This blog is part of the "Making VDI Work" blog series. If you'd like to learn more about how to make VDI work for your organization, check out our previous installments How to Design the Ideal VDI or Hosted Desktop Solution, Things to Consider about Client Devices, and Choosing A Display Protocol
Earlier this month, OpenStack Summit was conveniently held in Leostream’s back yard of Boston. I took the opportunity to avoid my Waltham commute, attend a particularly interesting session, and participate in some great follow-up conversations centered on OpenStack VDI. Here’s what I learned.
VDI was supposed to save us money. By virtualizing desktops, we mobilized the workforce, maximized resource utilization, and reduced hardware costs. So, the cost-savings had to follow naturally, right? Well, once those pesky licensing fees started to add up, suddenly that big money-saving VDI initiative became just as pricey, if not more so, than dedicated hardware. So, does that mean that the VDI Revolution was a flop?
The other week, while giving a demonstration of our VDI management platform, I tossed out the word “orchestration”. It’s a term you often hear from organizations that are moving resources into the cloud. Invoking the orchestration card, however, brought on the question of how, exactly, our platform was different from all of the other cloud orchestration tools on the market.
As hardware costs rise, organizations and IT professionals need solutions to maximize resources and minimize costs - all without sacrificing user experience. This can be a tall order when your users are graphics-heavy power users whose hardware requirements come with a 4-figure price tag. Making the most of every GPU is priority number one, and often, dedicated hardware for every single virtual machine just isn’t feasible.
It’s time for volume three of our “Making VDI Work” series. In this series, we highlight various
infrastructure components that make up your hosted desktop solution, whether you’re hosting virtual or physical desktops in your data center or in a cloud. In our first installment, we talked about your client devices, and the users who are attached to them. Now, let’s look at how you get a client device connected to the user’s hosted resource.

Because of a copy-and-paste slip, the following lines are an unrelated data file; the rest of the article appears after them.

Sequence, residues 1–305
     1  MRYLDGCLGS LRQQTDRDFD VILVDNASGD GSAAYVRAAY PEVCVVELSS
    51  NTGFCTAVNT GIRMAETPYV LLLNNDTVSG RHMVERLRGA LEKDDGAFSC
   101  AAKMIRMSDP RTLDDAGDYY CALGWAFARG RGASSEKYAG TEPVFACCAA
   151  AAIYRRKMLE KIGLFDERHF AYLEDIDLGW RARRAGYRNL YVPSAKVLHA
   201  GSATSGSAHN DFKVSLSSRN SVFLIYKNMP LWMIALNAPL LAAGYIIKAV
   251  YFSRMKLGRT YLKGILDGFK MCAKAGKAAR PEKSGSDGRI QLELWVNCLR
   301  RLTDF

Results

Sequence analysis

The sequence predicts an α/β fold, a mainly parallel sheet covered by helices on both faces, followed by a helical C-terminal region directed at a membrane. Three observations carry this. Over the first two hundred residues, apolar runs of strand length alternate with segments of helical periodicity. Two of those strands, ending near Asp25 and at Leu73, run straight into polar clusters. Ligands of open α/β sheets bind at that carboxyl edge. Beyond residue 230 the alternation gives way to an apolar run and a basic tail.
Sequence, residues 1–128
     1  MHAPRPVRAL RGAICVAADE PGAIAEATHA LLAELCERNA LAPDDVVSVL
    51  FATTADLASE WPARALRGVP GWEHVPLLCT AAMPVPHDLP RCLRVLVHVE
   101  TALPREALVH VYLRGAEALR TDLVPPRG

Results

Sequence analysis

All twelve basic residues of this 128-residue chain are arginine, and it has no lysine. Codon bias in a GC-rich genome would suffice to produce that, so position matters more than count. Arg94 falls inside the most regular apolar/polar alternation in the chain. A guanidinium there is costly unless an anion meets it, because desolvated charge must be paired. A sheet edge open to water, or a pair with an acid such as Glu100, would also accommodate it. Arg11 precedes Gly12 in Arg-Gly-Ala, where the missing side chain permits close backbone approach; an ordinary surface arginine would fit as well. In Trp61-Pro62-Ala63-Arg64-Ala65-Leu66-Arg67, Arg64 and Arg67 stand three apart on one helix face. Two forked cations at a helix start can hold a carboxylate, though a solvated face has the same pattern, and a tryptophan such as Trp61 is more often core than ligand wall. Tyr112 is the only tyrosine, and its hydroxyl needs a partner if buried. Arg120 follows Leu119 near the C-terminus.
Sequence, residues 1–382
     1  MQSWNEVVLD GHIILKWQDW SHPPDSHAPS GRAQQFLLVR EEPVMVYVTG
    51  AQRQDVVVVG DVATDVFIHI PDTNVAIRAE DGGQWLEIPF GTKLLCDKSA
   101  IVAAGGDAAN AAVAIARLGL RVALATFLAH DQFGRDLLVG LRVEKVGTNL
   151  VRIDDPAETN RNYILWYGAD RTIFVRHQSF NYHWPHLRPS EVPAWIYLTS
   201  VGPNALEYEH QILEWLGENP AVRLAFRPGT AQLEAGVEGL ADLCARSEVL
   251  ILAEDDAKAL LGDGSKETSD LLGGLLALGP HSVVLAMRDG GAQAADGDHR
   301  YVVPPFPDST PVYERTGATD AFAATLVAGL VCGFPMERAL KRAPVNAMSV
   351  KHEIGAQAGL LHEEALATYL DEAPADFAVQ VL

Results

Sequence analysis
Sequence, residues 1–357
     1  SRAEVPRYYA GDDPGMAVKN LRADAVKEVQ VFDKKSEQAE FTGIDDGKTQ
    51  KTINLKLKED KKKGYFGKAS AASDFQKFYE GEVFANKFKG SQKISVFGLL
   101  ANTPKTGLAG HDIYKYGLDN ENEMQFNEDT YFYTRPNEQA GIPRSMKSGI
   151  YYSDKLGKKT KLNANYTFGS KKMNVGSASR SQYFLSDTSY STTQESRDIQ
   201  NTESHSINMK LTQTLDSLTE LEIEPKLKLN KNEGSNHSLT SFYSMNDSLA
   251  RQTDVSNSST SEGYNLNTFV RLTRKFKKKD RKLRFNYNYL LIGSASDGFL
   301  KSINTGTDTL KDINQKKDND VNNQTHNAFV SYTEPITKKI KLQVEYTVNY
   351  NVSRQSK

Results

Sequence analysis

This past Thursday, I sat down with Leostream CEO Karen Gondoly to discuss hosting graphics-rich applications in Microsoft® Azure® Clouds in our latest webinar – “Graphics-Rich Applications at Cloud Scale with Azure and Leostream.”
No one can deny that, for years, Amazon Web Services has dominated the public cloud market. If you need a service in the cloud – storage, backup, compute, DevOps, you name it – AWS has a service for you. But, while Amazon Workspaces provides a baseline for VDI in the public cloud, I’ve neither seen nor heard a stampede of organizations rushing to put their desktop workloads in the cloud. Why is that?
Today, we are pleased to announce our partners at Canonical have released the public beta of their Juju Marketplace where users can test drive the new Leostream Juju charm, along with many other third party charms, for a complete hosted desktop solution you can deploy in a snap.
Remember Mickey in The Sorcerer’s Apprentice when he is tasked to carry heavy buckets of water to fill up the Sorcerer’s pool? Mickey is exhausted and dismayed – until he discovers the Sorcerer’s wand and learns about the magic of automation! He enchants a broom to do the heavy lifting for him. Mickey sits back and relaxes while his broom does all the work – until that broom becomes many brooms who carry bucket after bucket, filling the pool until it becomes an overflowing tidal wave, sweeping him away!